The Rockefeller Foundation has recently presided over the creation of a new international journalism group to “advance reporting on religion”, the AP reports.
The stated goal of the newly created International Association of Religion Journalists? In the words of the steering committee’s chair Maria-Paz Lopez: to help journalists write “with accuracy, fairness and balance” on all religious matters.
Teaming up with the Association of Religion Data Archives, the international group launched its website, describing itself as “the world’s first international body of religion journalists provides editors, reporters and analysts with the tools, resources and support to promote accurate, fair and balanced reporting on religion worldwide.” “The International Association of Religion Journalists (IARJ) was founded by leading journalists from 23 countries in six continents at a meeting at The Rockefeller Foundation Bellagio Center in Italy. Nearly 400 journalists from more than 90 nations have been accepted into the new organization.”, the group’s website states.
Under the header “A Global Voice”, the group states that “global religion journalism comes with great responsibility.”
What excellent coincidence that the Rockefeller Foundation came along to preside over the creation of this global group, ensuring a flying start. Or is it?
In the course of many decades several arms of the Rockefeller corpus have went out of their way to somehow co-opt religion, hoping to bring the flocks towards accepting climate change as being man-made.
In their 2010 review of grants extended from 2005 to 2010, the Rockefeller Brothers Fund admits to funding so-called “non-green voices”- meaning people outside the environmental community- to sell man-made climate change doctrine to their respective communities. These voices include mayors, governors, “national security hawks”, military leaders and… evangelicals.
It seems that the Rockefellers have now added religion journalists to that list.
“(…) foundation dollars extended to support these non-green voices have grown dramatically (…). The RBF has supported “allied voices for climate action” that include businesses, investors, evangelicals, farmers, sportsmen, labor, military leaders, national security hawks, veterans, youth, and governors and mayors.”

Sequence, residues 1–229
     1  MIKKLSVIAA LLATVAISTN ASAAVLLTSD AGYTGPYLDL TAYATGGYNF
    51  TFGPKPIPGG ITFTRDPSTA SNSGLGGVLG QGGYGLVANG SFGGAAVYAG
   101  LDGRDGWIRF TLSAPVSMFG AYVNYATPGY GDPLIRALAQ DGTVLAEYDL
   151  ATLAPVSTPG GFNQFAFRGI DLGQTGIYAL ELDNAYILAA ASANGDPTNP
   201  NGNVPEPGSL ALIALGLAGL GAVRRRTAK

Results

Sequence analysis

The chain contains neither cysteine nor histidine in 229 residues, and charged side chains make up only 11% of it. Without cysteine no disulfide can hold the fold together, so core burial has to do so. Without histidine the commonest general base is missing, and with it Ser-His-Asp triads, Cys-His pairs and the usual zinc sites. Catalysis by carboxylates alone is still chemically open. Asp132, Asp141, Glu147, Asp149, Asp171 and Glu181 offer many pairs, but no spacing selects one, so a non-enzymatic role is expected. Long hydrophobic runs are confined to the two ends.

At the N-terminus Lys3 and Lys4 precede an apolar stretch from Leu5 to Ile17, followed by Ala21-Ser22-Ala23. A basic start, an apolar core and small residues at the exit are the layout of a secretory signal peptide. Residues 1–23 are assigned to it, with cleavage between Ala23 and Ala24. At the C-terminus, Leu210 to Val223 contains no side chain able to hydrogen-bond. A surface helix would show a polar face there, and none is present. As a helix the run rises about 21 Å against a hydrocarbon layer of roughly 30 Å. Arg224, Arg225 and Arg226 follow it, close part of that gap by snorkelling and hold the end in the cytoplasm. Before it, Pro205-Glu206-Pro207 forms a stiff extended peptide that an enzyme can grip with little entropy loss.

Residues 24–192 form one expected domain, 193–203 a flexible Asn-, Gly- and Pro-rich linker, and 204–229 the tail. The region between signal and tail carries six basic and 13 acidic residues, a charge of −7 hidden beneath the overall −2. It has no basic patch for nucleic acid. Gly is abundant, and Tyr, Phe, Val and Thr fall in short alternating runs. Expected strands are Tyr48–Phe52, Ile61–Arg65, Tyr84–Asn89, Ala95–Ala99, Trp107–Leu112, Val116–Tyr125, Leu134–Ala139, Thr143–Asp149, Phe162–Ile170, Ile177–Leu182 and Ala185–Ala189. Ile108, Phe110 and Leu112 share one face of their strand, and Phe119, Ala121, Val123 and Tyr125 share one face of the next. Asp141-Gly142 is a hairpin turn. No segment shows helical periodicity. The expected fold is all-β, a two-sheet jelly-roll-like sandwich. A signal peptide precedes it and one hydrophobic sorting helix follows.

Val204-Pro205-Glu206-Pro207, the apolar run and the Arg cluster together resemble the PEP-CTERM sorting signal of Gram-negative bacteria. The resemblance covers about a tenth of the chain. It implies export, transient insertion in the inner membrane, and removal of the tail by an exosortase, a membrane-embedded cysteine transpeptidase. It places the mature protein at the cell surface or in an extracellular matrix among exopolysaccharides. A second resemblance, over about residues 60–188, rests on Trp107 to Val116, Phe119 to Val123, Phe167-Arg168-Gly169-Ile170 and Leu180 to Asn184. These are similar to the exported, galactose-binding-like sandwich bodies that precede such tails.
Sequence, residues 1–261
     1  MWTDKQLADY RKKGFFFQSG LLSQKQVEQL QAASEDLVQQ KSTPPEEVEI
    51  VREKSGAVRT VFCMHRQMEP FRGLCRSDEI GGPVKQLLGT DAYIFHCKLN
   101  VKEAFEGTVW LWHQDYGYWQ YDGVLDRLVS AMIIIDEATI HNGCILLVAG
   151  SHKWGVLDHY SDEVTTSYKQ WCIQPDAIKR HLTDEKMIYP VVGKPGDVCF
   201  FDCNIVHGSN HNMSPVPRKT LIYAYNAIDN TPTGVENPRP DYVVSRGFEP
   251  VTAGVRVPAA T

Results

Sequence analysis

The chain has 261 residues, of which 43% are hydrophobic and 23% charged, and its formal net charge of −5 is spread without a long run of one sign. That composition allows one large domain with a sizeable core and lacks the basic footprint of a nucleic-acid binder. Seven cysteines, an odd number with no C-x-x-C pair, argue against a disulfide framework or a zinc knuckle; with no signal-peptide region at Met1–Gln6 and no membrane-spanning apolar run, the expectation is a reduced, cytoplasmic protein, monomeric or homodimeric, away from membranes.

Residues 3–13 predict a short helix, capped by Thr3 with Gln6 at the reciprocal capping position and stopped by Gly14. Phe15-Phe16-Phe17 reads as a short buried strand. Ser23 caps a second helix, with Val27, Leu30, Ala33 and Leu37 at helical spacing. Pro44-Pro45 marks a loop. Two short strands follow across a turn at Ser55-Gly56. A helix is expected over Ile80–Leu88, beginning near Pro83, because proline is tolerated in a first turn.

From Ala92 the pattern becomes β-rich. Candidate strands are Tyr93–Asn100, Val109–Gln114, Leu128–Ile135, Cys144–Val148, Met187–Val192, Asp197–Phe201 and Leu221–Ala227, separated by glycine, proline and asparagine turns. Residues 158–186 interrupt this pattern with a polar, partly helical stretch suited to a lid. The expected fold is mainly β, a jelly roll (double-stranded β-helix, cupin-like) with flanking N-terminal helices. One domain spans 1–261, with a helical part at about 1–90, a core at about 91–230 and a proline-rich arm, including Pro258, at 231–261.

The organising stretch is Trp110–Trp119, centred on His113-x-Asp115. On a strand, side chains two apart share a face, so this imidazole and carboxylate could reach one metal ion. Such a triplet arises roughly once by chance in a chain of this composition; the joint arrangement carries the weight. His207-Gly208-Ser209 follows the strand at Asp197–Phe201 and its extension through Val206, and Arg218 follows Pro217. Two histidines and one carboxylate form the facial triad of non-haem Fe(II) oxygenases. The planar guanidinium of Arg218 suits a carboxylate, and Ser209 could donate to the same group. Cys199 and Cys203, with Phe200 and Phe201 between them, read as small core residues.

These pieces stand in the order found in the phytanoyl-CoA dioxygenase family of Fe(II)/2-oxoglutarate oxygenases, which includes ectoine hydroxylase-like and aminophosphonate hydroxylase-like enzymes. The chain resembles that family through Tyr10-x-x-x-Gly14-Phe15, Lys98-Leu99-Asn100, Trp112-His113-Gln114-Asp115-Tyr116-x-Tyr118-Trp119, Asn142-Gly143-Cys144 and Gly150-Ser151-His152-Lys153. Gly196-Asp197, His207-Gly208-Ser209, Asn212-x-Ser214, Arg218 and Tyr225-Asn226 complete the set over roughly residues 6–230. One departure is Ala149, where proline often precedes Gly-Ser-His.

In the document we read that in the past decade both religious leaders and state/local politicians have been subsidized into selling man made global warming. The report goes on to say that:
“Foundations, including the RBF, have played a significant role in building the capacity of these groups to organize their base members, communicate publicly about their interest in climate solutions, and advocate for policies that will address climate change domestically and internationally. In addition to its direct financial support of these individual groups, the Fund has also provided technical assistance for strategic development, communications planning, and advocacy training.”
Specifically mentioning the National Board of Governors as beneficiaries, we read:
“Governors and mayors have proven to be very effective advocates for climate change solutions domestically and internationally. Across America, states and localities are developing innovative climate programs and serving as laboratories for pioneering approaches. Many have launched climate initiatives in their cities and states and have seen the economic benefits of doing so.”
The review also describes in some detail how the Fund from 1984 onward has poured bucket loads of cash into climate change propaganda-efforts, including strengthening the implementation of Agenda 21 up to and exceeding the 1992 Earth Summit:
“Two strategies underpinned this phase of grantmaking: 1) distilling consensus on climate science and, 2) moving the discussion of climate change from the scientific community into the policy arena. (…) The RBF organized and funded some of the earliest meetings of advocates addressing climate change. It was also during this period that the U.N. Intergovernmental Panel on Climate Change (IPCC) was created in 1988 and formal international negotiations on a climate treaty began in 1991; these culminated in Rio de Janeiro in June 1992 with a U.N. Framework Convention on Climate Change (UNFCCC) that the first President Bush and the U.S. Congress ratified. A review of correspondence between then-RBF president Bill Dietel and program staff clearly indicates that the Rio negotiation and treaty, and the creation of the Intergovernmental Panel on Climate Change, were specific aspirations of the RBF program at the time.”
Although from the late 1980s onward, it was smooth sailing for the Fund, by 2009 the Rockefellers hit a snag. Acknowledging that the selling of the IPPC rapport has become increasingly difficult since the Climategate scandal erupted, the Fund is now stepping up its efforts to refuel the heavily diminished effectiveness of the effort:
“While public awareness of the urgency for addressing climate change spiked in 2007, a deep erosion of public trust in climate science was sparked by an unauthorized public release of e-mail messages from the computer system at the University of East Anglia in Britain in late 2009. These e-mails appeared to suggest that scientists were using tricks to hide temperature declines and attempting to discredit scientists who were skeptical of human caused climate change.”